“These are the guys who will spend thousands of dollars on a gun or a thousand dollars on a scope,” Thornhill said.


The Yukon was designed with extra insulation, capable of retaining ice for up to 14 days, compared to seven for a typical cooler. That is the kind of performance needed to keep swordfish or elk fresh during a long fishing or hunting trip.


The hard plastic outer shell and heavy-duty latches and handles also stand up to rough usage. Thornhill boasts that in tests, a bear spent an hour trying to break in before it gave up.


The Yukon also sells at a premium price, retailing at more than $300 for a 50-quart container and more than $700 for the 250-quart model. By comparison, Igloo’s 50-quart MaxCold hard-sided cooler lists for $65.99.


Yukon coolers are rotational molded, so when orders for the Yukon took off and tripled the expected production capacity, Igloo knew it was time to bring rotational molding in-house. It currently contracts for rotomolding from outside suppliers that use a combination of domestic and international production.

Igloo obviously did their homework and was able to meet real consumer needs with this new product.  What are doing to learn your market?  To discover unmet needs from your consumers?

Collaborating to Build a City

“Former Indianapolis Mayor Bill Hudnut reminds us what can be achieved with collaboration” – For the Republican, the visit was another reminder of the value of working collaboratively, even with political rivals, to accomplish goals and solve problems.

Some choice quotes on collaboration from former Mayor Bill Hudnut:

  • “Without that willingness to work together, where would Indianapolis be today?”
  • “It should all be about getting things done, and being pragmatic and working together”
  • “You have to show respect for the other side, and a civility and willingness to work with them”

This recent article from the Indianapolis Star serves as a nice reminder that I never wrote anything about the lessons on collaboration I learned from the Pacers’ Rick Fuson earlier this summer:


Back in July, Centric had the opportunity to hear from Rick Fuson, COO of the Pacers.  Rick discussed how a decades-long, collaborative sports strategy has brought Indianapolis into the national limelight.  In the not-too-distant past, Indianapolis was referred to by one sports broadcaster as a “cornfield with a race-track wrapped around it.”  However, Hoosiers have shattered that perception after unprecedented successes at high-exposure events such as the Super Bowl, Final Four, and National and World Championships for a variety of other sports.  As most Indianapolis natives know, these successes have not been by accident.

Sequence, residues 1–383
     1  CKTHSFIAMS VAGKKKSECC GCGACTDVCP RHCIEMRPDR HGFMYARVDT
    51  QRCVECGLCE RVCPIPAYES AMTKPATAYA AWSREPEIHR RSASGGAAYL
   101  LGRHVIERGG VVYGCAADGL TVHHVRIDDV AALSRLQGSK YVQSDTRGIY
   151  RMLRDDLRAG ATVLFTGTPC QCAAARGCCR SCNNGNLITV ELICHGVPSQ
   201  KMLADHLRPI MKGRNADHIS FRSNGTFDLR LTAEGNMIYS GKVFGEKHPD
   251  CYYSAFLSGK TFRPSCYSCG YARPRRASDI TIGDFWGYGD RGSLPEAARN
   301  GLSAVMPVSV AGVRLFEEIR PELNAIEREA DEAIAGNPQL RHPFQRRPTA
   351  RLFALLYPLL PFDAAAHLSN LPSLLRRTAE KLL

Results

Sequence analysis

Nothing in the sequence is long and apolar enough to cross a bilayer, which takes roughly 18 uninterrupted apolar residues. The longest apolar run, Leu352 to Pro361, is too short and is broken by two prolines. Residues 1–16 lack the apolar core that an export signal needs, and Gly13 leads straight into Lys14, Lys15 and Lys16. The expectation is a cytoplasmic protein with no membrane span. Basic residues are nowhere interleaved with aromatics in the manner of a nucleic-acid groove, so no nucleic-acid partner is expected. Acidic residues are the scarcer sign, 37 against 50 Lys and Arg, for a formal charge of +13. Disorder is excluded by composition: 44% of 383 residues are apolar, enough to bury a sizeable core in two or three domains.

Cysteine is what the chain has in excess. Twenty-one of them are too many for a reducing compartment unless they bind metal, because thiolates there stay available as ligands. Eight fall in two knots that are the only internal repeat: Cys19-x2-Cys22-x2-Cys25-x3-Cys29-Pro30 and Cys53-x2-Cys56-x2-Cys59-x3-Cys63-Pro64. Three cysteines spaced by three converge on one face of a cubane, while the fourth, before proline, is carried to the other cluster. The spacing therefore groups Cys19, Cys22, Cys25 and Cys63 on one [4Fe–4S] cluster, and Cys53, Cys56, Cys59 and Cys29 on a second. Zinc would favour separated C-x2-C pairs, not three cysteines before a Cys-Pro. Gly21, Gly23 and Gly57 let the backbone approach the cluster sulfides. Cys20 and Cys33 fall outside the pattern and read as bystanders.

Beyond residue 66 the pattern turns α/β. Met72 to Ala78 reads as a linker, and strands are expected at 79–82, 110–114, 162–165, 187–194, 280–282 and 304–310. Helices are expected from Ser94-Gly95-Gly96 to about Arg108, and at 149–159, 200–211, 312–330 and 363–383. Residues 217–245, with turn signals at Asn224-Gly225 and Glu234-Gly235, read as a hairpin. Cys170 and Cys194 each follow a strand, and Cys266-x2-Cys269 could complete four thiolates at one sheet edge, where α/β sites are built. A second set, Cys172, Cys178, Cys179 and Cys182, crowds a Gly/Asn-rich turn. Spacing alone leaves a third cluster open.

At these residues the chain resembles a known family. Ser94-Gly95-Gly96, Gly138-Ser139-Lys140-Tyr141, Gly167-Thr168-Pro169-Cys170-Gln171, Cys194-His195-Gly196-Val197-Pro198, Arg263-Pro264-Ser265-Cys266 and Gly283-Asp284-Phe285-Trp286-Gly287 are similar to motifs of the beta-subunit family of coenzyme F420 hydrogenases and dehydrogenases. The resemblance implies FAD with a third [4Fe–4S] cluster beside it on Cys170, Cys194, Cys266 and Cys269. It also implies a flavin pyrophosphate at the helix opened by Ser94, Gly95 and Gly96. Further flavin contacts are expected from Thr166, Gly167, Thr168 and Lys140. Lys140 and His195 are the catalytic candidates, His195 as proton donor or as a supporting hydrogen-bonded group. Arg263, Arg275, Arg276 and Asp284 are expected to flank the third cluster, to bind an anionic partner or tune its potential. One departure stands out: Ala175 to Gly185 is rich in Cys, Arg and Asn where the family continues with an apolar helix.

“We’re a growing city, but we’re still a small town.  We’re doing work with our friends and neighbors.”


We Can Do It

Rick discussed Indianapolis’ tendency to take on a challenge without having any clue how to do it.  That’s the Indianapolis spirit.  Taking on challenges is for the bigger picture of the city.  When asked to put on the Pan-Am Games, Indy had just weeks to pull it all together.  When asked to host the World Swimming Championships, nobody began to understand how to do so…in Conseco Fieldhouse.  Indianapolis’s aggressive sports strategy included taking risks and the risk has paid off.

Did you know?  The Hoosier Dome was only the second air supported roof structure…ever!


Find a Common Ground for Collaboration

What is the common ground your organization and business partners can rally behind?  “Sports” worked for Indianapolis.  From its early beginnings, leaders in Indianapolis knew sports was much more than that.  They were using sports as the city’s economic incubator for future growth.  Sporting events are a part of our economic engine.

Collaboration builds relationships and bridges that can come back full circle.  You never know when old ideas and relationships may come back to provide benefits.  Indianapolis’ “Hoosier Hospitality” approach has paid many dividends over the years.  Be sure to stretch collaboration as far as it can go.


Innovation is in every business

Innovation is a new way of doing things.  It doesn’t matter if you’re big or small.  Anyone can innovate.  One of Rick’s lessons was that “just about anyone can do just about anything if they’re given the chance and given the training”.  Make sure you are using all of the technology available to you and do your research to help insure effective innovation efforts.


I’ll admit some bias, but I love one of Rick’s closing thoughts.  “Get yourself involved with groups in our city like Centric.  Not only to make yourself better, but to make the community better.”


Centric is Indy’s Innovation Network.  It is the only organization that fosters innovation among Indianapolis professionals who seek change-making knowledge and resources.  Centric exists to build the reputation of Indianapolis as a globally recognized innovation center.  This is accomplished by creating connections and empowering local professionals one at a time.  The Centric community gets together for a luncheon on the fourth Friday each month.  The goal each month is to connect, learn and do.  I am on the board of director for Centric and would be happy to answer any further questions you may have.  You can follow us on Twitter at @CentricIndy